Ralph and Cindy Edwards sell garlic at the farmers’ market in Cove and at other local festivals. (Courtesy photo)
A little folly and a whole lot of garlic. Christmas 2009 found Ralph Edwards of Folly Farm in Cove holding a head of Thai Fire garlic. It was a gift from a friend.
The taste was incredible.
The ground had not yet frozen; Ralph, a horticulturist by training, planted five cloves.
“Those five cloves gave me these great big, beautiful heads of garlic,” Ralph said. “I said, ‘Wow, that was easy. Let’s do that again.’”
That was the beginning of the end: this fall, the garlic-growing duo harvested 1,096 cloves.
“We grew eight varieties,” said Ralph’s wife, Cindy.
What started as a kitchen garden has grown into a gourmet garlic farm with a dream of establishing a local seed bank for heirloom vegetables.
An architect by trade, Ralph Edwards talks about another era where wealthy lords built huge extravagant buildings — decked out with ornamentation — that did not have an intended purpose.
“Is it going to be a library? Is it going to be a bank? No. It was something he built for his own pleasure and basically had no function whatsoever,” Ralph Edwards said.
So people started calling those buildings, “follies,” and the saying was born, “It is his own folly.”
Not built for a purpose, just for pleasure.
One of Ralph’s professors used to say, “Design without purpose is just folly.”
In 2006, Ralph and Cindy were sitting in what is now the La Grande Inn. In front of them lay a real estate contract to buy one acre in Cove.
“We were 700 miles from where we both grew up,” Cindy said.
Ralph had doubts. He remembers thinking, “We don’t really know anyone here except a few relatives.”
A Fat Tire Beer commercial on TV caught their eye. The commercial had no words, just music and footage of a guy out riding a bicycle he restored following a country road. Text flashed on the screen: “Follow your folly. Ours is beer.”
Ralph and Cindy signed the papers. Folly Farm was born.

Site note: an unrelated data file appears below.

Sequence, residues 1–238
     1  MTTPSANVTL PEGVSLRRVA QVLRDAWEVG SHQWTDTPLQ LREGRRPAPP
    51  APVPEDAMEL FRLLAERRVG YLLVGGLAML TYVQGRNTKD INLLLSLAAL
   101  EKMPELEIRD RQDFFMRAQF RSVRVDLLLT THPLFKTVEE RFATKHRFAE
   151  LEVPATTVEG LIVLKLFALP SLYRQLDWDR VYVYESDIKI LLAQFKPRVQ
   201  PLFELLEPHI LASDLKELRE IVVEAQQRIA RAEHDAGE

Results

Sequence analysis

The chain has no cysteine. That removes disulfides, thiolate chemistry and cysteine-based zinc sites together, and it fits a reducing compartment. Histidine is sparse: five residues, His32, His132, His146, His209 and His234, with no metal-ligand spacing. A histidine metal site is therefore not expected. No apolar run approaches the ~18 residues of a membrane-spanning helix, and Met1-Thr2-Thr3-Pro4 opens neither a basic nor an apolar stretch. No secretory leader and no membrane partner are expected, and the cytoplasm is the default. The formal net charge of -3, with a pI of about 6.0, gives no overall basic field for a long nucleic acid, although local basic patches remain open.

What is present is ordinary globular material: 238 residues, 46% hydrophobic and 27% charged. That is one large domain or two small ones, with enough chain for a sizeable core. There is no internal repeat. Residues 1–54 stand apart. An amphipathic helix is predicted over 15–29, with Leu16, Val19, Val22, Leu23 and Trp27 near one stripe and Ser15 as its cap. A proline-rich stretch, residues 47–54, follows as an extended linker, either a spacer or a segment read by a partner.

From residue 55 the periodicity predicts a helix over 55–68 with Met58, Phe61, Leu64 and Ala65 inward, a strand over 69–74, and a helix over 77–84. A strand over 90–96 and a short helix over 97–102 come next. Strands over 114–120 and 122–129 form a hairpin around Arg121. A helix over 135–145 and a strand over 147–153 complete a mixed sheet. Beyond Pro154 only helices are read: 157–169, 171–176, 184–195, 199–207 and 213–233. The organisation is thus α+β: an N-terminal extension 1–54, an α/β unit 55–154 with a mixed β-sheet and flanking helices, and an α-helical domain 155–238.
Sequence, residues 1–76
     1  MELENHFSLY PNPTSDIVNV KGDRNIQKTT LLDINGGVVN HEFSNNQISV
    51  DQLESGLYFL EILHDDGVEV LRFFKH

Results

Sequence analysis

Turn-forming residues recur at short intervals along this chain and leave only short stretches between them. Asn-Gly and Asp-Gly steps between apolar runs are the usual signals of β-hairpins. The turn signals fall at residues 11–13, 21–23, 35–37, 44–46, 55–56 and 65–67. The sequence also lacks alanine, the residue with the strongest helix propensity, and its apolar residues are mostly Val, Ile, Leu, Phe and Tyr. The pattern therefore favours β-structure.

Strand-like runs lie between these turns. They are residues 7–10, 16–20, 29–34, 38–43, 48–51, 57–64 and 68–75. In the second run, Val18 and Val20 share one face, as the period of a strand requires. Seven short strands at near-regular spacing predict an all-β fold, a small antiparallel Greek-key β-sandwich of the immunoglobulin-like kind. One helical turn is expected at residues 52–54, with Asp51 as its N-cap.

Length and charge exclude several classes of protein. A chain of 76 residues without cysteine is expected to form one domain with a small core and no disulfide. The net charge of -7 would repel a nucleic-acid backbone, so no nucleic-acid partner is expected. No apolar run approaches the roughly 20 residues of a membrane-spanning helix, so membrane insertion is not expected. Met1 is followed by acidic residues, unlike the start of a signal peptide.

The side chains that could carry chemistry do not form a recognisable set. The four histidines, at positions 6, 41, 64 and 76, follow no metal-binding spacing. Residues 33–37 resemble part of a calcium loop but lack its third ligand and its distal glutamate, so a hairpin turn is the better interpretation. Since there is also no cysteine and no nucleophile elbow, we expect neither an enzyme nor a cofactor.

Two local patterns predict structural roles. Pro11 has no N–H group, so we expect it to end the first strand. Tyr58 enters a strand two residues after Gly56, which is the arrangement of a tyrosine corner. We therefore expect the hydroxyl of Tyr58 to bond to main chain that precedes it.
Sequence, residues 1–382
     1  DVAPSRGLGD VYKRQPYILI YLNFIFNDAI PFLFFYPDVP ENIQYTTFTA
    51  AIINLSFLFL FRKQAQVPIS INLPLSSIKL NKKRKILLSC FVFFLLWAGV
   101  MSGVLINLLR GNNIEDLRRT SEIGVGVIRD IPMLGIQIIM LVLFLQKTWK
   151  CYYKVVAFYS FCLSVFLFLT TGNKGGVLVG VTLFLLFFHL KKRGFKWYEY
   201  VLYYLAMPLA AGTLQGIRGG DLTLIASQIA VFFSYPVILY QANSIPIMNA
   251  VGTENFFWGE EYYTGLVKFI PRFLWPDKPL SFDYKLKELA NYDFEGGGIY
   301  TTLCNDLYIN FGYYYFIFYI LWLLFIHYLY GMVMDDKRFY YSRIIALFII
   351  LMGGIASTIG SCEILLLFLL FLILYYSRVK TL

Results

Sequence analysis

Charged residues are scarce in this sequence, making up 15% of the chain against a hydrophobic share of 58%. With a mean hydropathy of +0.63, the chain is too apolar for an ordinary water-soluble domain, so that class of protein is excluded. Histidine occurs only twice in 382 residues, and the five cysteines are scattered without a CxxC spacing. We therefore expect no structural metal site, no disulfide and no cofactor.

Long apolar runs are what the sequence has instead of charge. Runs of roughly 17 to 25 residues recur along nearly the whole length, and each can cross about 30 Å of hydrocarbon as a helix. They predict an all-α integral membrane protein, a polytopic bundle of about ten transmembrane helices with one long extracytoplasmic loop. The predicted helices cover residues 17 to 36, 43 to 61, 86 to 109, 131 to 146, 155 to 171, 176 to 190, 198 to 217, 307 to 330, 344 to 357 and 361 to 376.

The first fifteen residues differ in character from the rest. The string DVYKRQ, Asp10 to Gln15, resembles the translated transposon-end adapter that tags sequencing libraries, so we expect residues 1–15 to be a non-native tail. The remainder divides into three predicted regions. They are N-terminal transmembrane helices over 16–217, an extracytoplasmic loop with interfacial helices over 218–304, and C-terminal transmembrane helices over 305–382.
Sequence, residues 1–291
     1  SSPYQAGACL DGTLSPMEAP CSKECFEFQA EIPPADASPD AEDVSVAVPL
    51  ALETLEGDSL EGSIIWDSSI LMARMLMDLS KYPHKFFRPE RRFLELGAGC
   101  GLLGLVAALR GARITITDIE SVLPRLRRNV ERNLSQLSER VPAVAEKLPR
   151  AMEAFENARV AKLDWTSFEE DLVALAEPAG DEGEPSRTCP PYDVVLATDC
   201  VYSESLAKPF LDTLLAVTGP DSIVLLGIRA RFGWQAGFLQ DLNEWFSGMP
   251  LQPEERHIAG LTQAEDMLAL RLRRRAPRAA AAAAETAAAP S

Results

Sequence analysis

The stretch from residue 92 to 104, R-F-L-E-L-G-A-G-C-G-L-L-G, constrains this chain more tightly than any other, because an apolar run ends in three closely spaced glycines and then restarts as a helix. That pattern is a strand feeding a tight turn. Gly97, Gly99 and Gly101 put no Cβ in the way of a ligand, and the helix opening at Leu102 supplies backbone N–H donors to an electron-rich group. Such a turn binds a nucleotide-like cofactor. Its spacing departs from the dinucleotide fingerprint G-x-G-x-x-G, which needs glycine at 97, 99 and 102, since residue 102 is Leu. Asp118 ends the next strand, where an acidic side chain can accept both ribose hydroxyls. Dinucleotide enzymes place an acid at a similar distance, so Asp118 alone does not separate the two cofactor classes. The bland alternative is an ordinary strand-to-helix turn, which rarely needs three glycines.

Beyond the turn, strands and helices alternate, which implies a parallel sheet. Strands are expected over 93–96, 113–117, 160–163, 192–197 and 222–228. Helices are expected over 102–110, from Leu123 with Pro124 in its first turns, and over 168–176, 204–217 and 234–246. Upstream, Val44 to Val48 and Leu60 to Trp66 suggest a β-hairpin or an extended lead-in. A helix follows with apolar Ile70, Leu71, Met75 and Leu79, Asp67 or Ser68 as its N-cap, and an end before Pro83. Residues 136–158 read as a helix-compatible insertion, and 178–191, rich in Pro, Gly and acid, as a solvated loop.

The Edwards call their garlic farm a self-supporting hobby. At first the Edwards offered a U-pick.
“We’ll get the neighbors to support our ‘seed habit’,” laughed Cindy.
Now Folly Farm sells garlic at the farmer’s market in Cove and at other local festivals. Each garlic variety has a written descriptor akin to wine tasting.
At the markets, the Edwards offer tastings both raw and roasted.
Garlic cloves are usually planted toward the end of October. The ground soon freezes over, but the soil below is 55 degrees and the roots keep growing all winter, developing a huge root mass with hair thin roots running out in all directions. These fine hairs deep in the soil pull up trace minerals. Trace minerals add to the famed medicinal qualities of garlic.
“That is why garlic is such a magical thing,” Cindy said.
Some customers buy garlic for purely medicinal purposes. Recently a customer bought one-half pound of garlic to make a poultice for a wound. Others have used the juice for bee stings or worming goats.
“If you had a little good garlic with your food on a regular basis, you’d know you were getting all the trace elements you need,” said Ralph.
Cindy is passionate about their work to develop a seed bank of heirloom vegetables.
“The overall goal is to develop a secure seed source of non-GMO seeds that grow here locally,” Cindy said. “Just like garlic, things adapt locally over time.”
Ralph points to the large heirloom tomatoes sitting on the wooden table in the kitchen. They are various shades of red, one is even purple.
“People grow the same tomato grandpa grew,” Ralph said. “They’ve saved seeds religiously.”
The Edwards hope to form partnerships to preserve heirloom seed and potentially co-op growing garlic to develop a bigger marketing scheme.
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